Nonetheless, some have argued that stablecoins may present risks similar to the privately-issued banknotes that circulated during the nineteenth century. For example, the issuers generally take in short-term deposit-like assets in one form of value and provide some form of a representation of a dollar that may be redeemed for the underlying asset. The dollar representation can fluctuate based on the market’s perception of the issuing entity.

Stablecoin volatility over time. Stablecoins represented are top 3 by market cap.

While reputable stablecoin-issuing entities will publicly disclose all of the assets backing their tokens, others have been alleged to issue more representations of the dollar than underlying assets they hold on deposit. Regardless of the assets an issuer holds, collapses of issuing entities can cause systemic risk to their respective ecosystems.

Will the Stablecoin Bill Promote Reputable Stablecoins While Discouraging Others?

The proposed Clarity for Payment Stablecoins Act of 2023 (the “Stablecoin Bill”) aims to bring regulatory clarity to stablecoins and the crypto-asset ecosystem at large. Under the Bill’s provisions, a variety of federal regulators would share authority. Depending on a stablecoin issuer’s disposition, they could find themselves responsible to the Federal Reserve, the Office of the Comptroller of the Currency, the Federal Deposit Insurance Corporation (FDIC), or the National Credit Union Administration (NCUA). This structure aims to bring stablecoins within the federal banking system, providing guidelines to the $120+ billion dollar stablecoin market and potentially unlocking even more issuance and functionality in the ecosystem. But how does the Stablecoin Bill address some of the free banking-esque pressures we’ve seen in existing stablecoins?

Some key provisions of the Stablecoin Bill include (among many others):

  • A limitation on the types of assets a stablecoin issuer may hold in reserve, and how reserve assets may be used;
  • A requirement that all stablecoins be backed by reserve assets on a one-to-one basis;
  • A two-year moratorium on new algorithmic stablecoins;
  • An authorization for subsidiaries of FDIC or NCUA insured entities to issue stablecoins;
  • A prohibition on commingling customer and firm assets.

Overall, we believe the Stablecoin Bill is a step in the right direction for the legitimacy of the stablecoin sector. And while the Bill’s requirements are already met by some of the more reputable stablecoins and their issuers, clear regulatory oversight is important to their longtime viability. By bringing stablecoin issuers under the purview of existing bank regulators, economic actors may transact with the issuers (and their stablecoins) with confidence that operations are regulated by independent oversight they are already familiar with. This may bring clarity to startups trying to navigate unclear regulations, while also removing some hurdles for larger institutions to start experimenting with stablecoins. These improvements might be analogous to how the National Bank Acts brought oversight to the free banking marketplace.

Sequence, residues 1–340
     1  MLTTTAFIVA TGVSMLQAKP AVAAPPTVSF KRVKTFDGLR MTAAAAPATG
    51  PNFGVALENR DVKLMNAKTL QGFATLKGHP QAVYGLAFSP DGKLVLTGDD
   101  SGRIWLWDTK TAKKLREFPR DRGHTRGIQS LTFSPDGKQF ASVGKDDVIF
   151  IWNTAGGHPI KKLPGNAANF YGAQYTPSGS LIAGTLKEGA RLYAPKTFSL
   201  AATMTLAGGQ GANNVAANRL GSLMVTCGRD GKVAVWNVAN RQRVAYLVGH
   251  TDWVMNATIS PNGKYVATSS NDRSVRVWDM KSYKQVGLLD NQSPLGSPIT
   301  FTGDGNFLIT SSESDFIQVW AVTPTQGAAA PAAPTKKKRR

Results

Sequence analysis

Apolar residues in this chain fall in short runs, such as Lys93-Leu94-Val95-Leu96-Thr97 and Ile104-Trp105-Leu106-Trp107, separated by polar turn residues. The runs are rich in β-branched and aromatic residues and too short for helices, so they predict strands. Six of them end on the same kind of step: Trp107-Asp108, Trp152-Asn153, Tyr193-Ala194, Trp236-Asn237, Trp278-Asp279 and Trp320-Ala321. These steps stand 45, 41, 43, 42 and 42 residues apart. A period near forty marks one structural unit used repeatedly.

Further, guardrails guiding stablecoin issuers’ reserve assets may help ensure the solvency of these entities the same way the National Banking Acts standardized asset management practices among banks. By bringing consistency through safe reserve asset management, the Stablecoin Bill effectively levels the playing field by reducing pressures on issuers to pursue riskier opportunities with their assets under management in order to compete. These rules may also help quell condemnations around reserve asset management practices levied between stablecoin providers. Furthermore, the prohibition on commingling customer and firm assets can help mitigate the probability of a stablecoin-issuer collapse.

While we believe the Stablecoin Bill answers calls for much needed regulation in the stablecoin space, it might not solve all of the issues facing the sector. For example, this version of the Stablecoin Bill does not provide stablecoin issuers access to the Federal Reserve’s payment systems and discount windows, which effectively locks non-bank stablecoin issuers out of the Federal Reserve System. This may tilt the playing field in favor of subsidiaries of insured banks who might be able to access Federal Reserve payment rails through their parent entities. Importantly, without lifelines like access to the Federal Reserve as a lender of last resort, stablecoin issuers might be more prone to insolvency during liquidity crunches reminiscent of the post-free banking era, which may leave some pressures on stablecoin issuers that have been resolved for traditional banks. This may harm stablecoin users in the event a stablecoin issuer becomes insolvent, a concern that is especially worrisome for institutions that are not insured by the FDIC or NCUA.

Nonetheless, we believe the Stablecoin Bill, as currently proposed, will bring more confidence to the stablecoin sector. The clarity and oversight the Stablecoin Bill brings may help ward off potential failures that could do significant harm to the crypto ecosystem while enabling new entrants to the field who might have been hesitant or even forbidden from entering previously. And while we hope that as the stablecoin industry continues to evolve, it may soon be included in the Federal Reserve system. Inclusion in the banking system certainly represents progress.

Stablecoins are one of the most promient and easy-to-understand use cases of crypto-asset technology. By reinforcing the stablecoin sector through regulatory clarity, we can help the entire blockchain industry flourish. Legislative forces like the Stablecoin Bill build upon prior reforms, such as those that ended the free banking period, and build towards a stronger and more resilient stablecoin field. Thus, by learning from the past, we can shape a future where fair competition thrives.